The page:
The best novels about the human toll of American slavery

Who am I?

I am an American novelist and a lifelong, enthusiastic student of American history. To me, history is people. In addition to first-hand accounts and biographies, one of the best ways to understand those people is historical fiction. For the last two decades, I’ve lived in the Southern United States, surrounded by the legacy of slavery, America’s “peculiar institution” that claimed an unequivocal evil was a positive good. Because both the enslaved and their enslavers were human beings, the ways that evil manifested were as complex as each individual—as were the ways people maintained their humanity. These are a few of the novels on the subject that blew me away.

I wrote...

Necessary Sins

By Elizabeth Bell,

Book cover of Necessary Sins

What is my book about?

In antebellum Charleston, a Catholic priest grapples with his family's secret African ancestry and his love for a slaveholder's wife. Joseph Lazare grows up believing his black hair and olive skin come from a Spanish grandmother, and he’s shocked to learn she was an enslaved African. At thirteen, Joseph allows racial prejudice to limit his future and chooses the seminary. At twenty-three, he is ordained “a priest forever.” When he meets the passionate Tessa Conley, Joseph’s ordered world cracks at its foundation.

Necessary Sins is the first book in the epic Lazare Family Saga, a quartet of literary historical novels about a multiracial family struggling to understand where they belong in the turbulent decades before the American Civil War.

The books I picked & why

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The Resurrection of Nat Turner, Part I: The Witnesses

By Sharon Ewell Foster,

Book cover of The Resurrection of Nat Turner, Part I: The Witnesses

Why this book?

Until I read The Resurrection of Nat Turner, I considered myself a pacifist. I ended this novel and its sequel rooting for violent resistance and for Nat Turner, the man who led the most famous slave rebellion in American history, a man who was responsible for the deaths of women and children. In a culture of violence and unequivocal evil, turning the other cheek cannot be the only recourse. Foster left me forever changed.

The Prophets

By Robert Jones, Jr.,

Book cover of The Prophets

Why this book?

This novel is a fever dream of the best kind. The Prophets is unapologetically about love, how rare and revolutionary it is. How selfish, envious others can see it as a threat—especially when that love is between two enslaved Black men. As powerful as Isaiah and Samuel’s story is, the chapters set in Africa held me equally entranced. As I read, I kept shouting “Yes!” in my head. I felt like I’d been waiting for this book for years. I don’t reread novels often, but this is one to savor.

Douglass' Women

By Jewell Parker Rhodes,

Book cover of Douglass' Women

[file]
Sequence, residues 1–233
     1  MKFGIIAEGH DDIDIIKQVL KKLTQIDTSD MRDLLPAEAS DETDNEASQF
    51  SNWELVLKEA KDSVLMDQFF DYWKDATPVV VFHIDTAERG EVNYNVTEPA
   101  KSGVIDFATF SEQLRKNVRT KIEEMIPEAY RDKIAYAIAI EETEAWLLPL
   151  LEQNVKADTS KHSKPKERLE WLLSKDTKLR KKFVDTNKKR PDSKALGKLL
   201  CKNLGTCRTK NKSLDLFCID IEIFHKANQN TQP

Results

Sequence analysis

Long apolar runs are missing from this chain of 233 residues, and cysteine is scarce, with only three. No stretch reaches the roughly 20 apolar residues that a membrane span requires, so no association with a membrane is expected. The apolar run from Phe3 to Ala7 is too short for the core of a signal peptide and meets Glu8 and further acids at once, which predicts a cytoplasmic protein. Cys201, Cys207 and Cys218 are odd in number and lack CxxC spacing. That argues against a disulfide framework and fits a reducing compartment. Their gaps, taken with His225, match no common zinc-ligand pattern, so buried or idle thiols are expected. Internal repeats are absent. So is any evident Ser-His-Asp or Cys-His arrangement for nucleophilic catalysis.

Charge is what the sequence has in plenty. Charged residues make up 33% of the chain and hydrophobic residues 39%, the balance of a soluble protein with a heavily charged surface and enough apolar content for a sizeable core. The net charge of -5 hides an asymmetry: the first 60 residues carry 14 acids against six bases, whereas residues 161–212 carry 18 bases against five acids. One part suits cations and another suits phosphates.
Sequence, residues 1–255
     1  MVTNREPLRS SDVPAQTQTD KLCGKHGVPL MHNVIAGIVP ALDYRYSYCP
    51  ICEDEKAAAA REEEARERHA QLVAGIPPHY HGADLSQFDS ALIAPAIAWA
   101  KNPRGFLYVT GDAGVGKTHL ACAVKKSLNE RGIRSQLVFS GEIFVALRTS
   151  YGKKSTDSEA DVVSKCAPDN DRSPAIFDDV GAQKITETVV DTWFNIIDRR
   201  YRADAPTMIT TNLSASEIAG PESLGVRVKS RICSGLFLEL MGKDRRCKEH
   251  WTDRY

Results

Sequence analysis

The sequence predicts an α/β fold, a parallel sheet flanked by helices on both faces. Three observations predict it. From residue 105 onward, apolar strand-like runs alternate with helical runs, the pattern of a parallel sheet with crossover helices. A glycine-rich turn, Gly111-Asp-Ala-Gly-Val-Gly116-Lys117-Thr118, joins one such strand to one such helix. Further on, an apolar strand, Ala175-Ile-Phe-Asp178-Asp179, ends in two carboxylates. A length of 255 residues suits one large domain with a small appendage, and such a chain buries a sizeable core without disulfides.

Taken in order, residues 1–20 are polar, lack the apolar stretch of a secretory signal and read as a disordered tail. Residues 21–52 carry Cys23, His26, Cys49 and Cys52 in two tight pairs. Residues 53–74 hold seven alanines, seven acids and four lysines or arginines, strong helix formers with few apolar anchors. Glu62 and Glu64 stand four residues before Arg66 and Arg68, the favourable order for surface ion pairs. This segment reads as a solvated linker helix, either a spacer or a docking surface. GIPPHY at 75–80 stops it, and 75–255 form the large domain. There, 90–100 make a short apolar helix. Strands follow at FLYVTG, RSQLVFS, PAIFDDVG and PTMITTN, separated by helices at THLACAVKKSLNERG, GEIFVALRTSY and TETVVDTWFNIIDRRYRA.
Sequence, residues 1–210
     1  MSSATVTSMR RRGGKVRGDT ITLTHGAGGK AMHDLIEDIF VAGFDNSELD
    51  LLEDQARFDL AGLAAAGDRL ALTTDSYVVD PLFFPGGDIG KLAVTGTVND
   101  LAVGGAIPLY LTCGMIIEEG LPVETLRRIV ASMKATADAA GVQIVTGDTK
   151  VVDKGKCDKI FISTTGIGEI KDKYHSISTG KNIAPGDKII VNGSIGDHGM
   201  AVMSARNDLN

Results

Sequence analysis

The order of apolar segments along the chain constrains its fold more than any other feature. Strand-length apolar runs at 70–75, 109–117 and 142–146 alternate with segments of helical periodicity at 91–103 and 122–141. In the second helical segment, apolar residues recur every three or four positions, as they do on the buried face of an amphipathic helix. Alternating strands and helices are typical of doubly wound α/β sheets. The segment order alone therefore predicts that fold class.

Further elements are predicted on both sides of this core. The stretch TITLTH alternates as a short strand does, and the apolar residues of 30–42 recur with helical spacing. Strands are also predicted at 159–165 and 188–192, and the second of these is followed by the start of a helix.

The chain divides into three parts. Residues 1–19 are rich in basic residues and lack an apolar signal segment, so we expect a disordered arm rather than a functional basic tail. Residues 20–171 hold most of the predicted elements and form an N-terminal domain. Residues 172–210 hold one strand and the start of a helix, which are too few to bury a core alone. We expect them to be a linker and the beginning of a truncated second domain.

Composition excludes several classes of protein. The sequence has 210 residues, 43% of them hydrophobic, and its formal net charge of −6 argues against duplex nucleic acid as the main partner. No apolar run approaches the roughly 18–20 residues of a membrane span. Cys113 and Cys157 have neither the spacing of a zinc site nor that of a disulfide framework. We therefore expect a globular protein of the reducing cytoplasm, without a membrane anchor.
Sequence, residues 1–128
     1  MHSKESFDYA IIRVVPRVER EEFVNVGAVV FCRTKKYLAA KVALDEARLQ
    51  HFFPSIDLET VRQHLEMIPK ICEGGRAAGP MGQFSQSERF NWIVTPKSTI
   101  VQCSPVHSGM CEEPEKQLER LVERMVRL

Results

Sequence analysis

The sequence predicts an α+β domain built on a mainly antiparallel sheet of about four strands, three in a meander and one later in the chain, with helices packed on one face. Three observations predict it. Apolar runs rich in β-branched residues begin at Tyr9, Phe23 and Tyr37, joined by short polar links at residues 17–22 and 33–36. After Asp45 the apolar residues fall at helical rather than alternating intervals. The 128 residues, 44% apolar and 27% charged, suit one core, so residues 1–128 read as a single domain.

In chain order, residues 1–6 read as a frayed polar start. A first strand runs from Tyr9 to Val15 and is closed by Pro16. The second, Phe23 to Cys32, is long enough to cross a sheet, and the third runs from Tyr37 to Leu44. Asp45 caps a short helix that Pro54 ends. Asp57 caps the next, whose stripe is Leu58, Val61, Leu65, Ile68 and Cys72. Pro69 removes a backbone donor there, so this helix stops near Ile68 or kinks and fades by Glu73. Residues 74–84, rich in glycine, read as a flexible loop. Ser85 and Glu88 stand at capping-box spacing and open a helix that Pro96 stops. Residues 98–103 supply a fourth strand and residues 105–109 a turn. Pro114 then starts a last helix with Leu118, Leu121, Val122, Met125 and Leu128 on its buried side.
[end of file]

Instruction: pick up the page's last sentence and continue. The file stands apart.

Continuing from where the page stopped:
Why this book?

Escaping slavery doesn’t make you a saint. Even Frederick Douglass, one of the world’s most famous former slaves, one of history’s greatest writers, orators, and human rights activists, had feet of clay. His wife Anna was a free Black woman who helped him escape bondage and bore him five children. Yet Frederick cheated on her in a decades-long affair with a White German woman—who is somehow equally sympathetic here. I finished this novel loving all three of these flawed, complex characters, all of whom were real people. Rhodes’s psychological insight leaves me in awe.

Sister of Mine

By Sabra Waldfogel,

Book cover of Sister of Mine

Why this book?

The Jewish people have been persecuted—even enslaved—for millennia. One would hope this would make them more compassionate toward another persecuted and enslaved group, American Blacks. Unfortunately, this usually isn’t the way human nature works. To quote Frederick Douglass: “Everybody, in the south, wants the privilege of whipping somebody else.” If humans can get ahead by oppressing someone else, we too often do. With her fictional Jewish family and the Blacks they enslave—one of whom is also their blood kin—Waldfogel explores this terrible truth. A hundred and fifty years after its setting, this novel challenged me to be a better human.


By Leonard Pitts, Jr.,

Book cover of Freeman

Why this book?

This novel begins just after the American Civil War and Emancipation, but it foreshadows the horrific legacy of slavery. The titular character, a Black man named Sam who is now free, goes in search of Tilda, the wife whom slavery ripped away from him. Meanwhile, her Confederate enslaver drags Tilda westward, refusing to give up the woman he thinks he owns. How do you rebuild a society and a family in the wake of slavery’s devastation? Pitts explores this question unforgettably, acknowledging the inevitable violence but with a glimmer of hope. Freeman put me through a whole gamut of emotions. It rung me out and gave me a soothing cup of tea at the end.

5 book lists we think you will like!

Interested in slavery in the United States, Frederick Douglass, and Slavery?

5,887 authors have recommended their favorite books and what they love about them. Browse their picks for the best books about slavery in the United States, Frederick Douglass, and Slavery.

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